Neurotrope's Approach To Alzheimer's Disease: 'Our Improvement Data Is The Best Anyone Has'
Dr. Daniel Alkon, the chief scientific officer at Neurotrope Inc (NASDAQ: NTRP), discussed the fight against Alzheimer's disease in an interview with Benzinga.
Benzinga: What is bryostatin, and how is it used for the treatment in patients with moderate to severe Alzheimer's disease? Can you comment a bit more on the drug?
Alkon: Bryostatin is a chemical that was found in the sea and is manufactured by bacteria, that live on bryozoan, which are similar to algae.
Roughly 20 to 30 years ago, a chemist from the University of Arizona went diving to find a chemical that has anti-tumorigenic properties. He identified this compound, and the National Cancer Institute has sponsored this ever since, with over 63 trials in roughly 1,500 patients.
Originally the algae were used to try and stop cancer. It did not prevent it, but it laid down a profile for safety, so we [knew] what dosing levels were safe.
With around $250 million dedicated to preclinical research, our studies identified this compound as potentially having multi-modal efficacy for Alzheimer's disease.
The NCI has been our sponsor for the last 10 years, providing this compound for free.
Benzinga: I heard that bryostatin does not just treat the symptoms, but treats the disease itself. Is that statement accurate?
Alkon: When we look at the data very carefully, it helped patients have better and improved memory. For the time in 100 years of research a compound has shown that it [made] patients better [and] not just slowed down the process of decline.
The improvement is measured with the Severe Impairment Battery, which has about 12 different measuring factors, including memory and hallucination. Each gives us a composite measurement.
Our data showed that the patients were getting better. They not only improved during the treatment but after the procedure. They continued to improve for many weeks after the treatment.
The underlying mechanism is the regeneration of the wiring in the brain. That's what happens to Alzheimer's patients: they lose their wiring. To our knowledge, we have the only therapeutic to help treat this disease.
Benzinga: What do you think makes your drug different from others, or what improvements has Neurotrope made to help with the treatment of moderate to severe Alzheimer's disease? Is it the wiring?
Alkon: To our knowledge, no other drug shows real potential to regrow the wiring. That is why we ventured to treat advanced patients that already have lost most of their wiring and memory. That's probably the most distinguishing feature in restoring the memory.
When we get to an advanced patient, it's not only the wiring that is gone, but the neurons are even dying. This drug also prevents the death of the neurons. We hope to confirm this in our latest trial and our continuing trials.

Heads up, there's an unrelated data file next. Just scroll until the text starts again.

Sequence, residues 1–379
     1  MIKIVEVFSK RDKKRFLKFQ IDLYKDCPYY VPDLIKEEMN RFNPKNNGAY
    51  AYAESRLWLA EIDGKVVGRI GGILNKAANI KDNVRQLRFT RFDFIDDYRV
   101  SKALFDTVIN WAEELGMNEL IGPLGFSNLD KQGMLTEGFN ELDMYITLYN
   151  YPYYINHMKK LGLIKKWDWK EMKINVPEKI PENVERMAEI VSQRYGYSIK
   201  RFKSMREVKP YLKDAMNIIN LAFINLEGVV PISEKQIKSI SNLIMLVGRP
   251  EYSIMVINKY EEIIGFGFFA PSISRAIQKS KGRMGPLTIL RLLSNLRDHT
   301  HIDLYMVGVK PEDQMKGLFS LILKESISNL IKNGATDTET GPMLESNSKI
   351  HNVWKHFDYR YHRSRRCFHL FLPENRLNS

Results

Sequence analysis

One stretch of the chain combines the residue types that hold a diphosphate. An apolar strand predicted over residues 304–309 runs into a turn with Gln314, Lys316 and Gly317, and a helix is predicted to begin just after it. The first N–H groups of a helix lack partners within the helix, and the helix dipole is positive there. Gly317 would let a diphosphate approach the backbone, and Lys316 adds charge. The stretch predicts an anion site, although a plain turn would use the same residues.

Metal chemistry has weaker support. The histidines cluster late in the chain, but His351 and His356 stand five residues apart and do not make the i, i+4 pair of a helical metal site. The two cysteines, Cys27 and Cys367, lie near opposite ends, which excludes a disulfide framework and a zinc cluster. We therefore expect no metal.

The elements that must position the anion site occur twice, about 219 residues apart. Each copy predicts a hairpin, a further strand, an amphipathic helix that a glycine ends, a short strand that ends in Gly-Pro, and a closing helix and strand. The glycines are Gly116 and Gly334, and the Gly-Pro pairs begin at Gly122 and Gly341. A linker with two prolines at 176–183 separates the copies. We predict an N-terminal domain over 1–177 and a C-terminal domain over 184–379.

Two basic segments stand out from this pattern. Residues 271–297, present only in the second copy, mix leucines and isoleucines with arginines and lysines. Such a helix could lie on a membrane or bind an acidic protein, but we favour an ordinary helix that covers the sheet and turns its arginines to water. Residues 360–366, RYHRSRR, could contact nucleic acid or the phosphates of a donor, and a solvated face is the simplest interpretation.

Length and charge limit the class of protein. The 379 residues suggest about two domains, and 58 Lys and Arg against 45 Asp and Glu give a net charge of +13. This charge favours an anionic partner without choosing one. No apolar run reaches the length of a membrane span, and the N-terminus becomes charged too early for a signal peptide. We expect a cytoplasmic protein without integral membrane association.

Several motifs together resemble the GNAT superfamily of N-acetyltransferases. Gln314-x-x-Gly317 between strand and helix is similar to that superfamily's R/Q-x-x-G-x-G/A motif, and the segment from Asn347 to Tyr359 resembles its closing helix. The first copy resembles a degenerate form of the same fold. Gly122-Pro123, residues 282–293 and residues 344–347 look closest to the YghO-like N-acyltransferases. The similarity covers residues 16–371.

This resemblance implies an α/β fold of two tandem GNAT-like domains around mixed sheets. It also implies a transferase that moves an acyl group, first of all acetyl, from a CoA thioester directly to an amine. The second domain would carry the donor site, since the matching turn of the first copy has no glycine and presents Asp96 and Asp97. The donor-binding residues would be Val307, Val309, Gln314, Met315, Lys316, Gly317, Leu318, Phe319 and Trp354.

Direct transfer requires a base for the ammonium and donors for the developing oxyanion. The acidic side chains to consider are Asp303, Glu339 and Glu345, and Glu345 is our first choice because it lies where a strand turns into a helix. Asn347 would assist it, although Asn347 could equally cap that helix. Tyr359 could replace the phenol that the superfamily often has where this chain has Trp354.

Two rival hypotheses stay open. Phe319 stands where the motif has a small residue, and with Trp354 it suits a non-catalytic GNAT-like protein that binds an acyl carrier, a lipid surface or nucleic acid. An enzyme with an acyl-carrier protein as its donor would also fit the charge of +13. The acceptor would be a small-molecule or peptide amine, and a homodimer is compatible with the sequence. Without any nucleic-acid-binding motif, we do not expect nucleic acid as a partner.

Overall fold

The number of Alzheimer's disease patients is growing. They are facing a steady decline, which is costing the U.S. roughly $300 million a year. It is projected to reach $1 trillion by 2050. It's a huge concern. Not only does it rob families of their loved ones but, it affects the caregiver enormously, along with the patient.
Benzinga: Neurotrope presented at the Alzheimer Solutions Conference at the University of the Sciences in Philadelphia. Can you comment on how you feel that the conference went? Moreover, what was an important takeaway from the conference for Neurotrope or yourself?
Alkon: I think that our presentation was very well-received. Currently, our improvement data is the best anyone has. In a few months, we are going to report our next trial.
When organizations get together in a meeting to go after innovative solutions, we must think about these solutions [and] not in a standard way.
One way Neurotrope has gone about this is that we decided to start with memory itself. Alzheimer's disease is the only form of dementia that can begin with just recent memory loss.
The death of neurons and the restructuring of the wire are all a part of the bigger picture. Ask yourself this: why are humans the only species on earth that get Alzheimer's? No other species get it; even the mouse models are not natural. We have to put human genes to make the symptoms appear.
Benzinga: In a press release it was said that the company is expecting to release results from a confirmatory Phase 2 clinical trial for bryostatin in the second half of 2019. Is Neurotrope still on track to release the Phase 2 confirmatory results in the upcoming months?
Alkon: Absolutely. We have finished giving and measuring the drug by monitoring and processing the data. We expect to have the data by late August or early September and announce the first results.
Our last trial in relation to the confirmatory trial was like a road map for us. It guided us on what was safe for the patients and what dose would give restoration in curing and getting back their memory.
We found something we had not expected. We had programmed in our analysis the standard of care. Then, we would check to see what would happen if we divided up the patients that got NMDA and the ones that didn't.
When we looked at the results, it was remarkable: the patients that got NMDA had no benefit. However, patients that did not receive NMDA had a unique advantage.
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